Recently I had the most incredible experience. I was allowed to share my story of recovery with a grief support group at a neighborhood middle school. I felt very privileged. I can’t imagine dealing with death while going through middle school. Those years are such a time of change and growth.
Before meeting with the students I spoke with Ann White at The Healing Center in hopes that I might better understand what part of my experience would best support them in dealing with their grief. Surrounded by the Healing Center’s warmth, I melted into the soft chair next to Ann and found myself holding back tears as I told her about my fiance Mark who was killed in an accident 17 years ago. A lot of years have passed since Mark’s death and I don’t cry about it much anymore, so I felt silly. Ann reached across and touched my arm. “It’s okay to cry. And it will be okay for the kids to see that even after many years have gone by, you have a special place in your heart for Mark.”
Thank you. Even an old lady like me felt relieved to hear it out loud.
Ann related the grief of a loved one to a scar. She said the pain in your heart, just like a scar, can heal and be stronger than before, but it can also be very sore to the touch.
I felt the pain melt away.
I talked to the middle schoolers about my life. How lucky I feel to be in this world sharing my life with my husband and kids. That I am a writer and I have just finished writing a book. That I am a fashion model and an athlete. That I had played basketball in college, and still play and coach basketball. I shared with them that there was a time in my life when I would not have thought any of it possible.
I explained that my finane Mark and I had been hit by a train. He had been killed and I wished I had been too. I told them about a friend, Solvieg, who during my recovery, said that grief hurt but over time I would feel better. “I’m not sure I believed her at the time,” I told the students, “but I did agree with the fact that I was hurting.” And now I see that Solvieg was right. After my accident, after losing Mark, ever so slowly I began to feel better.
But along with time, there were several things that helped me in my journey of recovery, and when I talked with the students I explained that everyone’s experience is different but I hoped they could draw something useful from my experience. First of all, I cried a lot. I had great family support and I was allowed to cry and cry and yes…cry. I did not have to go to school or work and act like everything was okay. Finding the time to cry is not always an easy task but for me, it was an important part of grieving.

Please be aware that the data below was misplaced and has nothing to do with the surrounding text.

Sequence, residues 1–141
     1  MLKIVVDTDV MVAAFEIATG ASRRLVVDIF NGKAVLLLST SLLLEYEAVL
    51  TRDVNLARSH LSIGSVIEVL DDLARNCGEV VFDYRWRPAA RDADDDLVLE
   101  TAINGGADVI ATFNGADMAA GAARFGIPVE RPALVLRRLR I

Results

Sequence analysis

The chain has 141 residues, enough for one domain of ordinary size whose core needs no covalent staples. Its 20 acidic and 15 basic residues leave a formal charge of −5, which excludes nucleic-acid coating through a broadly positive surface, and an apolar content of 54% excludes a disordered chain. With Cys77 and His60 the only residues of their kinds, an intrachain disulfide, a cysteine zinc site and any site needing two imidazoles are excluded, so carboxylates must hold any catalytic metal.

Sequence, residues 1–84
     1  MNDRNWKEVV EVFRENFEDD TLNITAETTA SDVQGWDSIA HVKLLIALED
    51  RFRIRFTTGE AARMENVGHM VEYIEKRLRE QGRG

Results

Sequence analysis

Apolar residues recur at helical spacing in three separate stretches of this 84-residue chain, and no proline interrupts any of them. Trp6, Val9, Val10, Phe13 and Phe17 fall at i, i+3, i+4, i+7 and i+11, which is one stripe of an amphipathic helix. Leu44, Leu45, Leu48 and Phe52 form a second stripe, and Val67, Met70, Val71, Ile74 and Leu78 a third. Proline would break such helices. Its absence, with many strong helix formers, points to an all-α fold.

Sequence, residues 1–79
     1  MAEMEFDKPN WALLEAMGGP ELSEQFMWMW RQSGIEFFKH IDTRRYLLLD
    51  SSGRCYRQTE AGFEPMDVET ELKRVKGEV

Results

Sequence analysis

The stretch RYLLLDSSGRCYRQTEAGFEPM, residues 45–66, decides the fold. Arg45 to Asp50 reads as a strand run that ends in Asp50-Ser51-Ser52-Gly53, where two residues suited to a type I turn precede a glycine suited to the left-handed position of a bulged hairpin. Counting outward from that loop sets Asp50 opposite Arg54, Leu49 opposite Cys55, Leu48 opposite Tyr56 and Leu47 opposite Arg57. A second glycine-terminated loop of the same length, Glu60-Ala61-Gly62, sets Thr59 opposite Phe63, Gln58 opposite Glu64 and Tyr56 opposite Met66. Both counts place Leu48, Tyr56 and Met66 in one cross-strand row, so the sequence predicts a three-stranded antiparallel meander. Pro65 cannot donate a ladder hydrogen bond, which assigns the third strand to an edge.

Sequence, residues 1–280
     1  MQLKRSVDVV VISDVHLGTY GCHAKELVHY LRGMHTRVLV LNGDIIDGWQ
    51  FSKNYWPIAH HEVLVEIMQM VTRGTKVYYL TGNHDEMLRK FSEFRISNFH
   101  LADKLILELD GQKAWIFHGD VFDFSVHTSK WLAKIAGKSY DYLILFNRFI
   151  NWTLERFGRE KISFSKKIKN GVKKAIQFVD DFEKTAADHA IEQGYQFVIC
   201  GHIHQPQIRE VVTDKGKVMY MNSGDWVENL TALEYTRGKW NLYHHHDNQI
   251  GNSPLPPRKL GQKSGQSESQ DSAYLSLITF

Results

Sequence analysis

I took life one-step-at-a-time. I was able to do that during the worst times thanks to my history as an athlete. How many times had I gone to basketball practice and pushed myself to work hard even when I was injured or simply sick and tire of practicing three hours a day. Though I didn’t realize it at the time, I put my “never give up attitude” from basketball to good use on my journey of recovery.
A month after Mark was killed, I began writing in a journal. Writing may not be for everyone, but it was helpful for me to put my anger and pain on paper. How could this have happened? Why do I have to live without Mark? How can I go on? Every time, the words hit the page they allowed me to move forward in my recovery. To find a way to move ahead with my life. I believe that the journal doesn’t have to be fancy, sometimes it’s better if it’s not, that way you’re not afraid to write in it, dirty it’s beautiful pages.
Last, I found something I was passionate about to focus on…playing basketball. Trying to play basketball again, gave me something to live for. It helped me to move toward a life filled with happiness and love. Find your passion. Find a reason to live.
While meeting Ann at the Healing Center, she had asked me a question that penetrated my soul. “What gifts did Mark give you?” I had never thought of it like that before. At home I let the question swim around in my mind. I knew Mark was a part of me now and forever, I had written about him and how he changed my life, but I had never thought of it in that way. “What gifts did Mark give me?” I remembered how when we visited Marks grandparent’s he would chop wood, cut back branches that drooped across their drive, and look for other odd jobs to help around their house. Or what about how he had saved money to get a limosine for each of his three sisters for their 21st birthdays. (Not one, but three sisters.) Mark was thoughtful. that was one gift I have tried to implement into my life. I don’t always succeed but because of him I increase my effort. It has been nice to begin to identify and recognize many of the gifts that Mark has given me.
Just last week, I lost my grandfather “Bampa“. And I found it very comforting to look at the gifts he has given me. From something as simple as tickling my feet when I was a little kid (Oh how I loved that simple loving touch) to the way he lived and share his life.
Looking around the room during the middle school support group meeting, I realized that there were many gifts given to us in our lifetime and those given to us by the ones we have loved and lost have a special meaning.
While in the depth of grief I wouldn’t have seen it, but now I recognize the gifts that Mark and my grandfather have given me. And just as important I remind myself of the gifts that are given to me every day as I live my life. The mom that rescued my kids from piano when I worked late, the “walrus dancing” email sent by my middle school friend Kirsten that brought a chuckle during tax time, the sticky cookies-n-cream ice cream mustache kiss from my son. All of them are gifts. Sometimes when life gets hurried I forget about how precious life is, but then I think about Mark. I think about Bampa. I think about what is really important in life, my family and friends, and I feel very lucky indeed.
…remember the gifts.